Historic Document Opposing Kinzua Dam Returned to Seneca Nation
It’s browned, tattered around the edges with a few tears and a tape mark in the middle, but the 55-year-old document was welcomed with gratitude by the Seneca Nation of Indians.
Todd Betts, of Warren, Pennsylvania, returned a historic petition written by the Mothers of the Seneca Nation to President Robert Odawi Porter and nation citizens in a formal presentation in front of the Seneca Legislative Council on March 12.
The petition was circulated for signatures in 1956 when the Army Corps of Engineers was developing plans to construct the Kinzua Dam – a massive structure that would flood 10,000 acres of Seneca Nation land and effect the forced removal of hundreds of Seneca residents from their homes. The Mothers of the Seneca Nation signed the petition opposing the plan, furthering the nation’s unsuccessful struggle to block the project.
Betts bought the original petition from eBay several years ago. A private collector of historic documents and relics, he said he realized that the petition held great significance to the Seneca.
“It is with deep gratification and honor that I am able to return this critical document to the Seneca Nation. I strongly feel that this significant historical document belongs with the Seneca people,” said Betts.
Porter and members of the Seneca Nation Council expressed their appreciation to Betts for recognizing the importance of the document.
“On behalf of the Seneca Nation, I would like to express our sincere gratitude to you for your generous spirit and your willingness to return to us this invaluable and historically significant petition to the Nation. I speak for everyone here today by saying we are deeply moved and indebted to you for preserving this document and understanding the gravity of its import to the Seneca people,” Porter. “This petition, mobilized by the women of the Nation 55 years ago, remains a testament to the commitment and passion our grandmothers and mothers demonstrated to protect and preserve our Seneca lands from federal intrusion. We may have lost that battle to stop the Kinzua Dam five decades ago, but we will mount every effort today, stand united and strong, to prevent further federal and state incursions and protect our sovereign rights, our lands, water rights and resources.”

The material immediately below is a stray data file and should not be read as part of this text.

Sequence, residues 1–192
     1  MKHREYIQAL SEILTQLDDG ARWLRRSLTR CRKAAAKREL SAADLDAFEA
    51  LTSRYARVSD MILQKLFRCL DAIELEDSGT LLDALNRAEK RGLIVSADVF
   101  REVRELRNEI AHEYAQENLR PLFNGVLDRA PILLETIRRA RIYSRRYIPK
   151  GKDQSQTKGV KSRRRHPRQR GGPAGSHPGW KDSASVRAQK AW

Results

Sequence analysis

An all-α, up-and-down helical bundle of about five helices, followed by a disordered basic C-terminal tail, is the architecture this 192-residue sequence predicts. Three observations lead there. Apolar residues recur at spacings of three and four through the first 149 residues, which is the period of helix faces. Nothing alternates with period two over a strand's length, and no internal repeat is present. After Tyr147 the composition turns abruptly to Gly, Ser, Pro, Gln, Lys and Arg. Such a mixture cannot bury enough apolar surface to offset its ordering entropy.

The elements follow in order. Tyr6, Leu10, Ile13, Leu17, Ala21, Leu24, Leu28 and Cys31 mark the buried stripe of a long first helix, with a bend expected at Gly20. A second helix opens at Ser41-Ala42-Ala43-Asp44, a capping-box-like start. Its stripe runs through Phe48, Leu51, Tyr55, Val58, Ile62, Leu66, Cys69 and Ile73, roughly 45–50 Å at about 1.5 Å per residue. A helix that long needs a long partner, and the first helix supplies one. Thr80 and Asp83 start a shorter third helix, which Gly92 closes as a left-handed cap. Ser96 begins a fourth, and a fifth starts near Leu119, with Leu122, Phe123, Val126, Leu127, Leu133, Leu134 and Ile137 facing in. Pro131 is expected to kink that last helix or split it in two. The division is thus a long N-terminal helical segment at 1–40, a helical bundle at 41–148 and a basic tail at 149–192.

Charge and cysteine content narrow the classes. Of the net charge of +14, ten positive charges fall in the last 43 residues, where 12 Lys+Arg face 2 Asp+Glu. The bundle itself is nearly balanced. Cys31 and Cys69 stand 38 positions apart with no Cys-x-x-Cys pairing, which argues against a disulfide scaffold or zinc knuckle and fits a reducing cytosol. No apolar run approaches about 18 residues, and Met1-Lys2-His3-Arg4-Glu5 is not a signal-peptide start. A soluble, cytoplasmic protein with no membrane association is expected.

Authorized by Congress with the Flood Control Acts of 1936 and 1938, the Army Corps of Engineers built the Kinzua Dam near Warren, Pa., between 1960 and its opening in 1965. The purpose of the $108 million dam was flood control and pollution flushing, but in 1970 the federal government also gave away the right to generate hydropower to private, for-profit utility companies – now estimated at $13 million in profits annually.
The government forced 147 Seneca families – 800 people – out of their homes on 10,000 acres of their treaty-protected lands in a fertile valley, and relocated them several miles away. The homes were burned and the land was flooded to build the Allegheny Reservoir. The flooded land drowned significant cultural, sacred, and ceremonial sites, including a Longhouse and burial grounds.
Porter noted that the petition has been returned to the nation at a “fortuitous time” since the nation is on a five-year course to win the license to operate the hydropower facility attached to the Kinzua Dam that caused the nation historic devastation.
“This petition will serve to fortify our efforts because it is with the voices and the pledges of our ancestors that we derive strength and will move forward with the relicensing initiative,” he said.
The petition was signed by 122 Seneca women primarily from the Allegany territory and presented to then President Cornelius Seneca and the Seneca Nation Council in December 1956. A second petition was signed by Seneca men and during that day’s council session “all spoke in opposition” to the Kinzua Dam construction.
According to Seneca Nation Council minutes the day the petition was presented in 1956, the council unanimously passed a resolution denying the request of the Army Corp of Engineers for permission to conduct a field survey for the Kinzua Dam project. The resolution read in part:
“WHEREAS, the members of the Seneca Nation of Indians are unanimously opposed to this Allegany River Reservoir project, and the construction of the contemplated Kinzua Dam, Which construction would deprive the members of the Seneca Nation of their homes and home lands; and
WHEREAS, since the time this Allegany River Reservoir Project was first contemplated by the Corps of Engineers, United States Army, the Seneca Nation has been in constant opposition to the same;
NOW THEREFORE BE IT RESOLVED: That sitting in General Session on the Allegany Indian Reservation, this 4th day of December, 1956, the Council of the Seneca Nation of Indians hereby rejects and denies the permit to survey herein sought by the Corps of Engineers, United States Army.”
Seneca Nation officials presented the Betts family with gifts of appreciation at the close of the ceremonial return. Following the presentation, the document was placed on display at the Seneca Allegany Administration Building and will be formally accessioned into the Seneca Nation Archives.
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